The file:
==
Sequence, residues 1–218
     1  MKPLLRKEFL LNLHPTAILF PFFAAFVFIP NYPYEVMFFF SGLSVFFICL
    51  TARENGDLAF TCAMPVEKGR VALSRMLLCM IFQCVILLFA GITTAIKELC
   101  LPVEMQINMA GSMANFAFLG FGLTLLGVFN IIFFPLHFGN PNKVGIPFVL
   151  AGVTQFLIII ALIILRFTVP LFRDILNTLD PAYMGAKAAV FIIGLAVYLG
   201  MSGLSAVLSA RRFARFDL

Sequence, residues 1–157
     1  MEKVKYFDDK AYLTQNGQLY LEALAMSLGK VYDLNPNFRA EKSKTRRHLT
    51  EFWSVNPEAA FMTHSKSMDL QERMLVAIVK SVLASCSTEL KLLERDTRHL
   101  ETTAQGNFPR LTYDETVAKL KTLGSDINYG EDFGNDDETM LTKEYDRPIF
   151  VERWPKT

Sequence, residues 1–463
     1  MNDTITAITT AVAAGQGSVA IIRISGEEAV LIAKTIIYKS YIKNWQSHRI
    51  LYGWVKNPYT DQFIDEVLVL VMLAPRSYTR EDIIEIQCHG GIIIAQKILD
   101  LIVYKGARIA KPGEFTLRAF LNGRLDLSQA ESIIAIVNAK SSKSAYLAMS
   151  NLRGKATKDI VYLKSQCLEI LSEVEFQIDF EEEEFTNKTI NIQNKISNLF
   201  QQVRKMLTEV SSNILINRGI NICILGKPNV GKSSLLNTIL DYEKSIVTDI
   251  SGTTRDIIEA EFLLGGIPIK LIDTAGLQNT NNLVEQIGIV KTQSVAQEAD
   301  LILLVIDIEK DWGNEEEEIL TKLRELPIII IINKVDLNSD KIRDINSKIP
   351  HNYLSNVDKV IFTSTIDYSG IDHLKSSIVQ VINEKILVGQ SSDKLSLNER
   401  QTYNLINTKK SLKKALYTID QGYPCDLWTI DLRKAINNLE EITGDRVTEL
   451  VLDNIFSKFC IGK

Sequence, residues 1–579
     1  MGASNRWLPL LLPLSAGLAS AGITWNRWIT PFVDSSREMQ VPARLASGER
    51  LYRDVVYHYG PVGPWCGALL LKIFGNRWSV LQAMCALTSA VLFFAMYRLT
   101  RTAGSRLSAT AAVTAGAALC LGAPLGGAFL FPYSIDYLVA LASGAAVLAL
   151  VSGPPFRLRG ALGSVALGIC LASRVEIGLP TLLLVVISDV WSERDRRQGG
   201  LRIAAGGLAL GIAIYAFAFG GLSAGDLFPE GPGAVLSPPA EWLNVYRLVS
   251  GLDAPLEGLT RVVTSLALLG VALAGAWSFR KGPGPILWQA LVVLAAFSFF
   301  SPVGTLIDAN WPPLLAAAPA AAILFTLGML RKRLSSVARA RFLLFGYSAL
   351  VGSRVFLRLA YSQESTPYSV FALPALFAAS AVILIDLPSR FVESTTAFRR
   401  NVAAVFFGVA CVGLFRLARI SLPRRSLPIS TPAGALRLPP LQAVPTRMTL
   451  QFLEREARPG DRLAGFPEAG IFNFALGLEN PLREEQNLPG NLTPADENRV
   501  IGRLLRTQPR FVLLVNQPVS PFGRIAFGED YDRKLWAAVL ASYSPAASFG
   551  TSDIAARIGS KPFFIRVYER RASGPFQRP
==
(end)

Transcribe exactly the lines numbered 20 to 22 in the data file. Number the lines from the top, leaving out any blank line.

   351  HNYLSNVDKV IFTSTIDYSG IDHLKSSIVQ VINEKILVGQ SSDKLSLNER
   401  QTYNLINTKK SLKKALYTID QGYPCDLWTI DLRKAINNLE EITGDRVTEL
   451  VLDNIFSKFC IGK